The representative of the United States said that the Government is in the process of making a transparent effort to transfer prisoners and close the Guantanamo Bay prison.

The representative of Côte d’Ivoire said that disinformation gains ground in a context prone to terrorism, calling for vigilance with information and communications technology.  Detailing laws and campaigns put in place to educate its population, he asked the Special Rapporteur how an international convention might address this situation.

Responding to delegates, she said that civil society is indeed under attack through the misuse of counter‑terrorism law, stressing the importance of her work in documenting these instances.  Further, the misuse of legislation is directly related to the lack of a set definition of terrorism, she said, adding that until precise definitions linked to acts of terrorism are adopted, misuse will continue.  Affirming that the United Nations has many due‑diligence practices throughout its bodies, it is specifically lacking in counter‑terrorism operations and the cost is paid on the ground.  Also, existing legislative frameworks fail to respond to right wing extremism, the greatest current threat, according to the Global Terrorism Index.  Terrorism can only be addressed through a “whole‑of‑society” approach, she stressed.  Underscoring that if counter‑terrorism does not apply human rights, international humanitarian, and refugee law, it may undermine the United Nations Charter itself.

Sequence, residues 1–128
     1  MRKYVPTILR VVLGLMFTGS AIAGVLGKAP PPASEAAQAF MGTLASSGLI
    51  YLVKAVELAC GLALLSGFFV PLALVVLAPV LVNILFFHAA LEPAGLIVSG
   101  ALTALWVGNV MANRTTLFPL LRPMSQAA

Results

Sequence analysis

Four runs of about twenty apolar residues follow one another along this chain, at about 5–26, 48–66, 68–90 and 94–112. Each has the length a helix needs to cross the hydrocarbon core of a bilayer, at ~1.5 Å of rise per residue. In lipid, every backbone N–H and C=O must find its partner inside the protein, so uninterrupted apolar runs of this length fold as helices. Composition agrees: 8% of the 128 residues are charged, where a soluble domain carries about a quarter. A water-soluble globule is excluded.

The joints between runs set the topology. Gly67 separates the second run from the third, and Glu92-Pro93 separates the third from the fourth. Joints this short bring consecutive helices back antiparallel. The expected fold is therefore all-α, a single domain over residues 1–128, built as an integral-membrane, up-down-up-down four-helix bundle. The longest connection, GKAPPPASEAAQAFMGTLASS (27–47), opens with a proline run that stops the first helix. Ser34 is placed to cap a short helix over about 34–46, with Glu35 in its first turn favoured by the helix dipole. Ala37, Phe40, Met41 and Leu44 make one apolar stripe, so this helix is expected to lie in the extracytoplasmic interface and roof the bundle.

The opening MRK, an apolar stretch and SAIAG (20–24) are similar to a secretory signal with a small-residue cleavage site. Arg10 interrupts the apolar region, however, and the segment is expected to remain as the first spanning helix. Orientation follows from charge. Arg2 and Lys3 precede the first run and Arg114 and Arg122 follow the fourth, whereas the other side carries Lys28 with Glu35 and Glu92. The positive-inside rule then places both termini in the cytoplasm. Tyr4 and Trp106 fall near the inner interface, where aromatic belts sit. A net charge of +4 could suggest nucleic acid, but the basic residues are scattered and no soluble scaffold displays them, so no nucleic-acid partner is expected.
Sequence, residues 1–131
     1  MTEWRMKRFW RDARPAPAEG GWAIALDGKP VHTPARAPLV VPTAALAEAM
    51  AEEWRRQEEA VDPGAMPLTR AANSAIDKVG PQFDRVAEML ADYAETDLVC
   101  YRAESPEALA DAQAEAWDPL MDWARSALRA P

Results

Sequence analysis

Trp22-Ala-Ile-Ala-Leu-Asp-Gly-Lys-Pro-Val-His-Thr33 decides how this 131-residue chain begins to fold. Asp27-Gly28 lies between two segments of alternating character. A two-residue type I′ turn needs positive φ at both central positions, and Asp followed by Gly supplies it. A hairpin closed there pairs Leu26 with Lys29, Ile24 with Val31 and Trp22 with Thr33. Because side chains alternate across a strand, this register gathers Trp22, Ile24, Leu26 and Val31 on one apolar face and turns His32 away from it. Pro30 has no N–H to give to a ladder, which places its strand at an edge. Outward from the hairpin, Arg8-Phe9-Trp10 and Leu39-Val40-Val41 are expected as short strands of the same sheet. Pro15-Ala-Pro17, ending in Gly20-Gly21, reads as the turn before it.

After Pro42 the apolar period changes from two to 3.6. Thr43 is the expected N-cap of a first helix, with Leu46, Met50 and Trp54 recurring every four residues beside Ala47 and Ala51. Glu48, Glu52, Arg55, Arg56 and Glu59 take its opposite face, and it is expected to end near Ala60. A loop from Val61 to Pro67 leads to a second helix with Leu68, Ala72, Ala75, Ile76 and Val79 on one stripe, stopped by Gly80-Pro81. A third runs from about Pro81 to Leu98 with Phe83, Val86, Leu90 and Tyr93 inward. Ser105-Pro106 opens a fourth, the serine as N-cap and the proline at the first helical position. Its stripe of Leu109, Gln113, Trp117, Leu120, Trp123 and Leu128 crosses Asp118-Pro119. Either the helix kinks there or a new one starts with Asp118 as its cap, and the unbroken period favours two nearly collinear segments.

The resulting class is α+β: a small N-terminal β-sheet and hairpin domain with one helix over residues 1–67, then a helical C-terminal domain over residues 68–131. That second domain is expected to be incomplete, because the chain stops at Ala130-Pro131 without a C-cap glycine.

Also speaking were representatives of Switzerland, the Russian Federation, Qatar, the United Kingdom, Morocco, Ireland and India.  An observer of the Sovereign Order of Malta also spoke.

International Order

LIVINGSTONE SEWANYANA, Independent Expert on the promotion of a democratic and equitable international order, presented his report on the main challenges to the maintenance of international peace and security at the global level.  He described the current tragic events in Ukraine and beyond as a powerful reminder that international peace and security cannot be secured without achieving nuclear disarmament and reducing military expenditure in favour of sustainable development.  Nuclear weapons are the most inhumane weapons ever designed, he said, noting that their presence in the military arsenal of some States is typically justified by the policy of so‑called nuclear deterrence to keep peace.  However, due to the catastrophic humanitarian consequences that possibly entail, they fundamentally constitute an inherent threat to the very existence of humanity, he cautioned.